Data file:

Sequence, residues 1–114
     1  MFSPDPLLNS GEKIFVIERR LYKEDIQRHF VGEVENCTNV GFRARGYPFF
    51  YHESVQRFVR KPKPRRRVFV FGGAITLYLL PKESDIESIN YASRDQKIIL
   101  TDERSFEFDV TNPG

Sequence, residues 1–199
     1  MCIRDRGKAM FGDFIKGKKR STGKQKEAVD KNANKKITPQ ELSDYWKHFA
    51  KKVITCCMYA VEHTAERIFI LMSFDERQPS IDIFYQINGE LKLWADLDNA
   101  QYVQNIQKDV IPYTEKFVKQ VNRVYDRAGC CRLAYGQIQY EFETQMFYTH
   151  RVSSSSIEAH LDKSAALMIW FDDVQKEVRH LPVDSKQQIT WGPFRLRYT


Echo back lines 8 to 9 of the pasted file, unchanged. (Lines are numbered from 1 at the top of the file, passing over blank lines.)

   101  QYVQNIQKDV IPYTEKFVKQ VNRVYDRAGC CRLAYGQIQY EFETQMFYTH
   151  RVSSSSIEAH LDKSAALMIW FDDVQKEVRH LPVDSKQQIT WGPFRLRYT